"He's a deal maker, " Gianforte says, "and we've seen public negotiations go on, and it's added volatility to our futures market for our ag producers. It's added volatility to the stock market, but I've been encouraged by the progress we've made in North Korea, and the progress that's going on. The relationship he's built with China so far. Now, will we get the result we want? We're not sure yet, but for the first time we have somebody who's standing up for America, and I think we'll get better deals."
My interview with Congressman Gianforte came almost one year to the day after he "bodyslammed" Ben Jacobs, a reporter for the Guardian newspaper at a campaign event. Gianforte initially blamed the reporter for the incident, but later pleaded guilty to a misdemeanor assault charge for it, took an anger management class, did 40 hours of community service, paid restitution and gave $50,000 to the Committee to Protect Journalists.
I aske him if he feels like the press is out to get him.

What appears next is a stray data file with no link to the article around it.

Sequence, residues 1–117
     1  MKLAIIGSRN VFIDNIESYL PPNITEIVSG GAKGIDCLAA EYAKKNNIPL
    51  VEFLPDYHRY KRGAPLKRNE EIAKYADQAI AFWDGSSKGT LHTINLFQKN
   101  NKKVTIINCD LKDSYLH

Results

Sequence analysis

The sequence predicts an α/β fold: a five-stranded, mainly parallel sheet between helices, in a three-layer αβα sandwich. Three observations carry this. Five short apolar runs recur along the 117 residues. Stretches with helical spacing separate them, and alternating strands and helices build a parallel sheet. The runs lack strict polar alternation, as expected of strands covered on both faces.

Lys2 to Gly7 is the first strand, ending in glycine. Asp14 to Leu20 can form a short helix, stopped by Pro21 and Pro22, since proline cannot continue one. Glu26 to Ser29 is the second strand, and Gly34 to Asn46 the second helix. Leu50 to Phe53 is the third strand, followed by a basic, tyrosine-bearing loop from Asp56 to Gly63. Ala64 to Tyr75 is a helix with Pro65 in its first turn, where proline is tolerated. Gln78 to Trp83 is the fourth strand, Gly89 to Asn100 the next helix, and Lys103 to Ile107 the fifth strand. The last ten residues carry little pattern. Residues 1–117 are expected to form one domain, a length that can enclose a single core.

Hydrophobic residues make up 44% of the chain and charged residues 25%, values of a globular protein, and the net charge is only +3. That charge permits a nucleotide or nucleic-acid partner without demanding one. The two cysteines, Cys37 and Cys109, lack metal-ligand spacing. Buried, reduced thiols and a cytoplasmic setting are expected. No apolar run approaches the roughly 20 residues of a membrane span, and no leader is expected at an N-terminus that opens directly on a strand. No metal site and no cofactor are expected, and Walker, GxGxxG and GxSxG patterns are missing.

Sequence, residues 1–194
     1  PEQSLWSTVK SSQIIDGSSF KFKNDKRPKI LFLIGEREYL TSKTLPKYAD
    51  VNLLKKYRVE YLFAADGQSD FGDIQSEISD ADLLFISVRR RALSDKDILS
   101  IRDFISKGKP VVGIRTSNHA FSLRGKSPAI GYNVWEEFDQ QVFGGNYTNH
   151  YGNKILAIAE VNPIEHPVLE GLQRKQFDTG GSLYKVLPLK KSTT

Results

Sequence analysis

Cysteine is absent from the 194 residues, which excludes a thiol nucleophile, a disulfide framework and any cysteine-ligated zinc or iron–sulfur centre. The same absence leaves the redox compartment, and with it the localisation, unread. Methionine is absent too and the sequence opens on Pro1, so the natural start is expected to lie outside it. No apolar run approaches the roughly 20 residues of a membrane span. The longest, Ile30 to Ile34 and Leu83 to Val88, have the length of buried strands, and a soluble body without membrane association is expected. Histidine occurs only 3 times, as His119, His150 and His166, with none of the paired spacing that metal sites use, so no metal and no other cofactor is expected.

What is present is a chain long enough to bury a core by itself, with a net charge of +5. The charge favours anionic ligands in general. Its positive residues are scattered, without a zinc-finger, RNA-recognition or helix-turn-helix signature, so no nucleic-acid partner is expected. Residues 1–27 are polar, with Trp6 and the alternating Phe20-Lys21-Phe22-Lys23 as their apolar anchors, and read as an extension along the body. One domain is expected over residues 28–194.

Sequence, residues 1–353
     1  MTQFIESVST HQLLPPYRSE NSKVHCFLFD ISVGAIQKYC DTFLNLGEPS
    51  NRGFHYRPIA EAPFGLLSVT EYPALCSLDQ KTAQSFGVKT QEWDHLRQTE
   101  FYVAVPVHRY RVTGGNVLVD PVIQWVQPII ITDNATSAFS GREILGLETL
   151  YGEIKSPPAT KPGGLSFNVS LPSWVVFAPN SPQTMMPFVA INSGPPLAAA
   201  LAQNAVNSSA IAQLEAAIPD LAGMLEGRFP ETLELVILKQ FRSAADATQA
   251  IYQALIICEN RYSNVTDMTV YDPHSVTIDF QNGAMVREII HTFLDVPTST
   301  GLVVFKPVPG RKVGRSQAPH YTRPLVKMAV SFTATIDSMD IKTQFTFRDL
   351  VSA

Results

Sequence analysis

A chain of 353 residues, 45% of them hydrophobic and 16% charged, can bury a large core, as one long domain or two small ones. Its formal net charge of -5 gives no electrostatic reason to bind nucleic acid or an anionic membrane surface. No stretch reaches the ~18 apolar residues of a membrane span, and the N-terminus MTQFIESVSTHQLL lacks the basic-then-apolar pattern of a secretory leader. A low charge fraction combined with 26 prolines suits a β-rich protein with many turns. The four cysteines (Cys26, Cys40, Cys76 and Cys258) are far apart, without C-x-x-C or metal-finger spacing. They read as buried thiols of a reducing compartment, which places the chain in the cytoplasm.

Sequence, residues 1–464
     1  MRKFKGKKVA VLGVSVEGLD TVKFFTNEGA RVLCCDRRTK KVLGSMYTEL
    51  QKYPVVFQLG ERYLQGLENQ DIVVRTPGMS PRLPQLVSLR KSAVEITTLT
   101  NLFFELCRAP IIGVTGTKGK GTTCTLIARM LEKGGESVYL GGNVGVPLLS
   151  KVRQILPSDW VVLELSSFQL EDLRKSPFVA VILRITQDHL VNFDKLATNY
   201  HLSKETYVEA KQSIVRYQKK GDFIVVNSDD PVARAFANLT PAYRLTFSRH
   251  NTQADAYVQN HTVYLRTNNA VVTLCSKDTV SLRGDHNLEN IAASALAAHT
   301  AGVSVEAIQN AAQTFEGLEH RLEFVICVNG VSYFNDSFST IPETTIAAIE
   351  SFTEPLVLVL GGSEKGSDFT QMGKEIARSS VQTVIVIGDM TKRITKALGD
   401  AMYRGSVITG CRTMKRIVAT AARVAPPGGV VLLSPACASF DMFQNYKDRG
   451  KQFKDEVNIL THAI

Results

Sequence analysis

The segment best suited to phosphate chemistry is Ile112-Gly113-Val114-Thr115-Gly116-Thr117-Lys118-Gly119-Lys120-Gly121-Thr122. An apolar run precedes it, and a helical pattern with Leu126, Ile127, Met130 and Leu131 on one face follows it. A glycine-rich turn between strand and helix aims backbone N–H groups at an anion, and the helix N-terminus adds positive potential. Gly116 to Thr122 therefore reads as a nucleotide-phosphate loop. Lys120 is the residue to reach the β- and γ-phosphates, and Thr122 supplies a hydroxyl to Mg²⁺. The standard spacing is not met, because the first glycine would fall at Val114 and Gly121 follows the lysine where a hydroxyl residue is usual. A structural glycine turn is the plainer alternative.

After a long pause, he said, "What has become clear to me, being back here, is that - I don't believe the national media is - the national media has - they've been focused on taking the President down, and not reporting the facts. Some people have used the term fake news, I would say I've seen that on a national basis in a very real sense, and - I find that less with the Montana media, but I would say it is a national problem, at the national level."
Republican Greg Gianforte is Montana's lone representative in the U.S. House. His Democratic challenger for that job this November is former three-term Montana legislator Kathleen Williams of Bozeman. Libertarian Elinor Swanson and the Green Party's Doug Campbell are also running for the seat.